Fractals



“In mathematics, fractals are infinitely complicated abstract objects used to describe and simulate naturally occurring objects. Fractals commonly exhibit similar patterns at increasingly small scales, also known as expanding symmetry or evolving symmetry. If this replication is exactly the same at every scale, as in the Menger sponge, it is called a self-similar pattern. Fractals can also be nearly the same at different levels, as illustrated here in small magnifications of the Mandelbrot set.

One way that fractals are different from finite geometric figures is the way in which they scale. Doubling the edge lengths of a polygon multiplies its area by four, which is two (the ratio of the new to the old side length) raised to the power of two (the dimension of the space the polygon resides in). Likewise, if the radius of a sphere is doubled, its volume scales by eight, which is two (the ratio of the new to the old radius) to the power of three (the dimension that the sphere resides in). However, if a fractal's one-dimensional lengths are all doubled, the spatial content of the fractal scales by a power that is not necessarily an integer. This power is called the fractal dimension of the fractal, and it usually exceeds the fractal's topological dimension.”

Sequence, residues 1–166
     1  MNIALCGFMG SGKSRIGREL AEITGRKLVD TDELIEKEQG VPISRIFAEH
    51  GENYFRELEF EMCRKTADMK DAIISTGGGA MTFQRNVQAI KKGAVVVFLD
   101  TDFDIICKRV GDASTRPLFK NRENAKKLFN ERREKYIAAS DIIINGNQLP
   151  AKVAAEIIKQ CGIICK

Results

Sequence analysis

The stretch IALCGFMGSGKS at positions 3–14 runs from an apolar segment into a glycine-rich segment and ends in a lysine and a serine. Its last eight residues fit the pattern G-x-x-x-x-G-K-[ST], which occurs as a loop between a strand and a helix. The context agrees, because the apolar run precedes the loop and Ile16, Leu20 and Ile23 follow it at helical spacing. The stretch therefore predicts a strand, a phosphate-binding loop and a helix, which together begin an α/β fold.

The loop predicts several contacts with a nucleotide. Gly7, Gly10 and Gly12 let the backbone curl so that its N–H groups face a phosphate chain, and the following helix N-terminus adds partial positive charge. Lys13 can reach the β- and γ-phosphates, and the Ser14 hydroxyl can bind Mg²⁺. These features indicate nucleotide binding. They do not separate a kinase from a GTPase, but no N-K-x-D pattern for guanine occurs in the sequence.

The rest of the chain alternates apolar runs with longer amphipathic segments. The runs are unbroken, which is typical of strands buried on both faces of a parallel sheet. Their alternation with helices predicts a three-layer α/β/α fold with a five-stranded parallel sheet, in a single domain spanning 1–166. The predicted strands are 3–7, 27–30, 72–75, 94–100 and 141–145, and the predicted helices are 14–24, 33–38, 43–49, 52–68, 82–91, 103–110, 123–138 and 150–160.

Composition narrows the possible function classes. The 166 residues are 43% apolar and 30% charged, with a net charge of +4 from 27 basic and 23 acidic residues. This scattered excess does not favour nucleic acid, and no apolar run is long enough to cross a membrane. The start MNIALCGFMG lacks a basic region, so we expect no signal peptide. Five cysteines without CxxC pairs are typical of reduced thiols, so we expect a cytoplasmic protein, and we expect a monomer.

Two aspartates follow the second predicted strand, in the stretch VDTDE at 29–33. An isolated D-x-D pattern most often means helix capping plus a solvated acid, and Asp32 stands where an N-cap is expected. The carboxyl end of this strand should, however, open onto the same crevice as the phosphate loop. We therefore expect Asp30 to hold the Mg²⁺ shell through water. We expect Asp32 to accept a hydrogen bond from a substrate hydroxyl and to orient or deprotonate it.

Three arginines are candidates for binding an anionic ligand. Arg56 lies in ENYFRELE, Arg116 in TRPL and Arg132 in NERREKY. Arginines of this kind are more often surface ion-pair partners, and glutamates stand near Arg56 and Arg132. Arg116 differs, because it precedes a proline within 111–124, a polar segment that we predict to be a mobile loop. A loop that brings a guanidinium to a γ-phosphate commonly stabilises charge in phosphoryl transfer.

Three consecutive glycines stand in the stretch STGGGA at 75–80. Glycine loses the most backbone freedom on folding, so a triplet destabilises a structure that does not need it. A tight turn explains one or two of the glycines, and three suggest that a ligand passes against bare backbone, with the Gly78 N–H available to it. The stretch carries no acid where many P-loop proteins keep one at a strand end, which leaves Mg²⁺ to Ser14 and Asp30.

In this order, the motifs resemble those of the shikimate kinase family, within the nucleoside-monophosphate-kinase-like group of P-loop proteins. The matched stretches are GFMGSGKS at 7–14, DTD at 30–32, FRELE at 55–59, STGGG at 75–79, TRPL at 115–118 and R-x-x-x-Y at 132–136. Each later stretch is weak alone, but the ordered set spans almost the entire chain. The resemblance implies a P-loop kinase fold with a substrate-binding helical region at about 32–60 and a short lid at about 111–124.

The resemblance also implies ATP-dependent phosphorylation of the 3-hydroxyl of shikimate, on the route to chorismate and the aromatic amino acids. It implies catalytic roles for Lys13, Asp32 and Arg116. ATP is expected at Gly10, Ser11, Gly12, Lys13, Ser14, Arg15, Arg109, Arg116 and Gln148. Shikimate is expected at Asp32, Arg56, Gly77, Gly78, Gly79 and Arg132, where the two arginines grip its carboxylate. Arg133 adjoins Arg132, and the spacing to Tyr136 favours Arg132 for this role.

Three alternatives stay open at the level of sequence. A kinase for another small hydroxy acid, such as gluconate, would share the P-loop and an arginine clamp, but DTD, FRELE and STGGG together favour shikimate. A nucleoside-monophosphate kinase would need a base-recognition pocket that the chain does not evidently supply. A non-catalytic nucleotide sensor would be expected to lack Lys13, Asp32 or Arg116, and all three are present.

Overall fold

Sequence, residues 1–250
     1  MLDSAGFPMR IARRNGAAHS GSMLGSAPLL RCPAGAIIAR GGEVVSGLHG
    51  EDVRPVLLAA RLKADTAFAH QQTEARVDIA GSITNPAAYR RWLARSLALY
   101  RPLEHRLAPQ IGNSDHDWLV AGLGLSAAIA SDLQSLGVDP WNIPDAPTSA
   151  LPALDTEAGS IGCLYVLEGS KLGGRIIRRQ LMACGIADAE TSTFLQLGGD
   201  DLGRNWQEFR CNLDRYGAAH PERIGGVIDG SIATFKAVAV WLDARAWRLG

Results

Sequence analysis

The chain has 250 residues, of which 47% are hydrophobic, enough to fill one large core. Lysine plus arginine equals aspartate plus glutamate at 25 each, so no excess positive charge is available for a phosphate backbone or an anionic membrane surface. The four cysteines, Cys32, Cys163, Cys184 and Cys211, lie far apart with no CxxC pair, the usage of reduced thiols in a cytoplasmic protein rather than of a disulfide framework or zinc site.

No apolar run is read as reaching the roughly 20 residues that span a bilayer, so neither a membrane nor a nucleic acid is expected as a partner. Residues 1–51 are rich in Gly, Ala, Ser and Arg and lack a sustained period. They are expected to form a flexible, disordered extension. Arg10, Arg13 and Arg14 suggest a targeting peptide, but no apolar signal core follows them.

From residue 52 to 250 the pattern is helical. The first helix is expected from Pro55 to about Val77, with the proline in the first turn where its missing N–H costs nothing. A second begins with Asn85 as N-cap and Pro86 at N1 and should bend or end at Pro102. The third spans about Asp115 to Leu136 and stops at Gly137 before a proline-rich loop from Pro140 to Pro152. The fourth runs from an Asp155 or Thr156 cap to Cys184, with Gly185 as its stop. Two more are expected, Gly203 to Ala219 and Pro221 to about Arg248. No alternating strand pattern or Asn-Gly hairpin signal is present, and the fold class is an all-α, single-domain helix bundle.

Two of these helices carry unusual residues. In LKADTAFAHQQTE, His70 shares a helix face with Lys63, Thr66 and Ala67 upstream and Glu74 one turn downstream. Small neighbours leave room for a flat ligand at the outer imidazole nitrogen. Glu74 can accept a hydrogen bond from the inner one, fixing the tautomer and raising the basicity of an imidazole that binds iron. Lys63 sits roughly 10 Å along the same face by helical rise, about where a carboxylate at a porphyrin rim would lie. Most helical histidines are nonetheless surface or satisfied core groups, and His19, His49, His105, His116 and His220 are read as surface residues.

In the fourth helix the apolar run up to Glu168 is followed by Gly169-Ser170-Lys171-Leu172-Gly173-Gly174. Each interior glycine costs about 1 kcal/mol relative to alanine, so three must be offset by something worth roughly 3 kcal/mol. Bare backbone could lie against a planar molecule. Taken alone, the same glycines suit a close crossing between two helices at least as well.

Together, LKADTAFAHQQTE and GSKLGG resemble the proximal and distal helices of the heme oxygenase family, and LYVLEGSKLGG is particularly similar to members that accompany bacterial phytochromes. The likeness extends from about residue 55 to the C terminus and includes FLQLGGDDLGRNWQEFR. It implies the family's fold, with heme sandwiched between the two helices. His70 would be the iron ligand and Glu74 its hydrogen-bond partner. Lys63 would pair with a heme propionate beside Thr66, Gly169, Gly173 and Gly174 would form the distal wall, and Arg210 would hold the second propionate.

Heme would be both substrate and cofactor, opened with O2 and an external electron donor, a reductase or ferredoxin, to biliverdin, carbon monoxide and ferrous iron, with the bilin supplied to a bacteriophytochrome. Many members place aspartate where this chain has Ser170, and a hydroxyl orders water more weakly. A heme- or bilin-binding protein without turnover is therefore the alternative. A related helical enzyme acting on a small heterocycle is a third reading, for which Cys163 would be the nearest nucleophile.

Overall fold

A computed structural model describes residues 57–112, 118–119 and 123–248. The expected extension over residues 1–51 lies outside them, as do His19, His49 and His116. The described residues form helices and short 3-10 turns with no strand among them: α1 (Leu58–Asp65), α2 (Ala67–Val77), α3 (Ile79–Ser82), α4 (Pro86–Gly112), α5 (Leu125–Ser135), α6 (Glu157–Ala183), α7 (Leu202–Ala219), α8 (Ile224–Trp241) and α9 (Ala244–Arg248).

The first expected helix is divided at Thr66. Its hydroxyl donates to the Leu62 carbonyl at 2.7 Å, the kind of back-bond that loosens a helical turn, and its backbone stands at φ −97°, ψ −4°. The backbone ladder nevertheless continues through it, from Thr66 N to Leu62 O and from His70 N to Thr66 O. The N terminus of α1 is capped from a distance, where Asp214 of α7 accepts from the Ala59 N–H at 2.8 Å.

- Wikipedia